During the second week of November, the architecture firm NBBJ launched a podcast series called Uplift, that focuses on the transformative power of design. Its first 30-minute episode homed in on designing for behavioral health facilities, a hot topic given the increasing number of new construction and renovation projects in this subsector.
The podcast featured Dr. Susan Swick, Executive Director of Montage Health’s Ohana Center for Health in Monterey, Calif., which NBBJ designed and is scheduled to open later this year; Ed Cheshire, Architectural Project Manager for Nationwide Children’s Hospital Big Lots Behavioral Health Pavilion in Columbus, Ohio, which opened on March 1, 2020 and was codesigned by NBBJ and Architecture Plus; and Daphne Corona, Project Manager and Senior Associate with NBBJ in Los Angeles. Dr. Heena Sandry, an acute care surgeon who consults with NBBJ’s teams, hosted the panel.
Clients want facility design that destigmatizes mental health treatment, said Corona. “They want inspirational properties that are accessible and nonthreatening. The days of institutional lockdown are past.” Corona added the latest mental health facilities are being designed as “all-in-one” centers that combine acute inpatient and outpatient services, and are available to all populations.
The Ohana and Nationwide projects, though very different, illustrate how facilities design can support treatment. Swick noted that the 55,600-sf Ohana Center’s low-rise buildings form a serpentine shape that curves around a coastal site whose terrain provides a natural barrier for safety and security. Occupants have access to interconnecting courtyards, green spaces, and walking paths.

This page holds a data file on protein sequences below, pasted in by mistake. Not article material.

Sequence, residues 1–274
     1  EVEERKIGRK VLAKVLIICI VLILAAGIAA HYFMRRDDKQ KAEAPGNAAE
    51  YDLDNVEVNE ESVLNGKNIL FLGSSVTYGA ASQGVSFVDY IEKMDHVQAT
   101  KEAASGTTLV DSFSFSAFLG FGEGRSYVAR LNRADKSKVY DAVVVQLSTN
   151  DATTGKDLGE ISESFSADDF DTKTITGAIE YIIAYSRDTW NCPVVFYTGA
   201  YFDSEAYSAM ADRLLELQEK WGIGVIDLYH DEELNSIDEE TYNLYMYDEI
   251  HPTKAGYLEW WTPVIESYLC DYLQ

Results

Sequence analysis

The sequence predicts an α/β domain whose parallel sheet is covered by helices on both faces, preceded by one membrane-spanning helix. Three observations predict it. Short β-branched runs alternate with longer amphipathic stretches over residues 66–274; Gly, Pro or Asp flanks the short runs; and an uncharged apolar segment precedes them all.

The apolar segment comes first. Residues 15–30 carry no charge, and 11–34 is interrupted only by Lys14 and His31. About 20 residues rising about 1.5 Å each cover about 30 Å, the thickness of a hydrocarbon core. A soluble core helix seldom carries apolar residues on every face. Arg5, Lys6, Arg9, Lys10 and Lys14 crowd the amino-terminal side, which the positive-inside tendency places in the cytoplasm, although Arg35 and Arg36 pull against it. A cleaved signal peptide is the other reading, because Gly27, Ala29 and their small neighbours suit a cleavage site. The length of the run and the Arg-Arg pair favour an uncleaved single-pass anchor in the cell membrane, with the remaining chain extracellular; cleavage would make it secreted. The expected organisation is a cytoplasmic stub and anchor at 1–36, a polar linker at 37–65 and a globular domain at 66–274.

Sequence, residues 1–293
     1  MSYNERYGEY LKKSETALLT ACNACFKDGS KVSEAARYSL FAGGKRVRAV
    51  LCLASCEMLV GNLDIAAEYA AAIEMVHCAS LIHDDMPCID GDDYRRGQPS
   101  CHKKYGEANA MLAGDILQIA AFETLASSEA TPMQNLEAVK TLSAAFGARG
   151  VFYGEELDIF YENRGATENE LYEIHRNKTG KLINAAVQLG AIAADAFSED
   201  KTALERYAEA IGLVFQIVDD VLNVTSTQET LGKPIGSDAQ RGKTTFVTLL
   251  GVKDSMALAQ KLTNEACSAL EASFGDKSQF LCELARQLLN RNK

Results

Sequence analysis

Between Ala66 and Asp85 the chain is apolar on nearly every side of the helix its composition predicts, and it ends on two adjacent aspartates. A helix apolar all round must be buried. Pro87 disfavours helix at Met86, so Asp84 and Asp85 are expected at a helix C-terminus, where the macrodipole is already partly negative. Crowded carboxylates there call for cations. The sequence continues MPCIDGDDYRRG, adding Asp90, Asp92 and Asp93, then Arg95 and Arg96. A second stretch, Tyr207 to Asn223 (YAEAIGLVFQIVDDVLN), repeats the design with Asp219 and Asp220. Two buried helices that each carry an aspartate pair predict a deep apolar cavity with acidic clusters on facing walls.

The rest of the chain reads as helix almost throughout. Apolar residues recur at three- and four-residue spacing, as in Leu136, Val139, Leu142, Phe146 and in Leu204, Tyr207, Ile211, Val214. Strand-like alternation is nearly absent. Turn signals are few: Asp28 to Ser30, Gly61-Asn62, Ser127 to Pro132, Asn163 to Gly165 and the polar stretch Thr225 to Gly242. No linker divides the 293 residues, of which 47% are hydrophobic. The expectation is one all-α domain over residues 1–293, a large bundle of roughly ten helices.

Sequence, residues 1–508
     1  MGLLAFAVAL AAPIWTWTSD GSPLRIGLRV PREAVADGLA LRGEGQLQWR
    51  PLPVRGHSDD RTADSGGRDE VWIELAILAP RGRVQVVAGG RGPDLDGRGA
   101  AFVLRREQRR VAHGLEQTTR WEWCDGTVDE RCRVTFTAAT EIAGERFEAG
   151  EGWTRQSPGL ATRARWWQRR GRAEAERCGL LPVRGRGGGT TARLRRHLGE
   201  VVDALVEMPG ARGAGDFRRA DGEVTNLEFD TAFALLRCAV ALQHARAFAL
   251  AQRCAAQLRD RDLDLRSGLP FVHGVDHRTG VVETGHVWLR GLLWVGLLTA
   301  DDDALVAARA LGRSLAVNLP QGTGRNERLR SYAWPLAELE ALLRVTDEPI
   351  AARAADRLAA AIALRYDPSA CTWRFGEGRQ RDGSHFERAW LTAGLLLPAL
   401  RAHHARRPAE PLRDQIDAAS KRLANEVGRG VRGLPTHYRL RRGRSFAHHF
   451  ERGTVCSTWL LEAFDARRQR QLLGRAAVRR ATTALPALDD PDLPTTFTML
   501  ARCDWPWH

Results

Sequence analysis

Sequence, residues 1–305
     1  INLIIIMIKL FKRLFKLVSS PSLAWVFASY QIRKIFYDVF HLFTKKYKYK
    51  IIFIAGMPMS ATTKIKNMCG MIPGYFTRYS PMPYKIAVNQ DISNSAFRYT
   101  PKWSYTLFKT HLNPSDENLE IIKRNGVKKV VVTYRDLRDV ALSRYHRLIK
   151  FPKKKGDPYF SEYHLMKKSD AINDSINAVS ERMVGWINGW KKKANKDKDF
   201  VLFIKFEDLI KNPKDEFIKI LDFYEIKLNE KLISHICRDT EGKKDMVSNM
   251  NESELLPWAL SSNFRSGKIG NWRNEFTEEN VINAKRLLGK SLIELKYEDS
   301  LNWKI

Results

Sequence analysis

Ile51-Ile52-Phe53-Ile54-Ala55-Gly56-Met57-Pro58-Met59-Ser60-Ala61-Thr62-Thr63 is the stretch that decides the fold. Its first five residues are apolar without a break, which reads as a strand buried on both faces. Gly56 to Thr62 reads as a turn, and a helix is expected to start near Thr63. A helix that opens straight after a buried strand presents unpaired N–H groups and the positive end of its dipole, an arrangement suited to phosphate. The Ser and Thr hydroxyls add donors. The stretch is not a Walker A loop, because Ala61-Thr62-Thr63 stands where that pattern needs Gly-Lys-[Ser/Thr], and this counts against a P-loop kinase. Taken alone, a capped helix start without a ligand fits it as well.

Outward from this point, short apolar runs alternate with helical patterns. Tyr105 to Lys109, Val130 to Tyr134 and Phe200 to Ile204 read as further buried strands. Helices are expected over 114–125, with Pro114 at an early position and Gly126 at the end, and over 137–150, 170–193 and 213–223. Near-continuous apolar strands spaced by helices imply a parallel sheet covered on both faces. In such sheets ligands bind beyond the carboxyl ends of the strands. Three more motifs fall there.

The center will include an outpatient treatment wing, 16 inpatient beds, rooms for one-on-one and family counseling, indoor and outdoor recreational and quiet spaces, a kitchen and dining area, a family resource center, space for community activities, classrooms for inpatient youth, and space for training and workshops.
Corona elaborated that Ohana Center’s physical design and landscaping are based on neuroscience principles that boost occupants’ executive function and personal agency, increase immune system health, and combat fatigue among caregivers. It is also one of the largest healthcare buildings to use mass timber, whose modular components contribute to its low-carbon impact.
Cheshire, who has been with Nationwide Children’s Hospital for 16 years, said that the design of the 386,000-sf Behavioral Health Pavilion also used natural wood to convey a “warm and welcoming” space.
This is an urban building, and it was important to design it to allow as much natural light as possible to stream into the inpatient units. The design emphasizes “neighborhoods” within each of the pavilion’s nine floors that encourage occupant and staff interaction. The pavilion also offers education and instruction about nutrition and physical activities.
Swick and Cheshire agreed that health systems don’t make money from behavioral healthcare, and that insurance reimbursement for services rendered can be like pulling teeth. The good news is that each of these projects is an example of philanthropic largesse: The Ohana Center is the beneficiary of a $106 million gift from Roberta Bialek Elliott, a longtime local resident who happens to be the sister of billionaire investor Warren Buffett; and the $159 million Nationwide Pavilion defrayed its cost with a $50 million pledge from Columbus-based retailer Big Lots Stores, which in turn brought in other donors.
Chesmire said he has been buoyed by the “community conversation” about Columbus’ mental health crisis, in search for solutions. He singled out “frontline pediatricians” who are active in prevention. Swick said she’s convinced that the number of young Americans struggling with mental health disorders can be reduced substantially through human investment and care. “I think about hope all the time, and hope is deep and real.”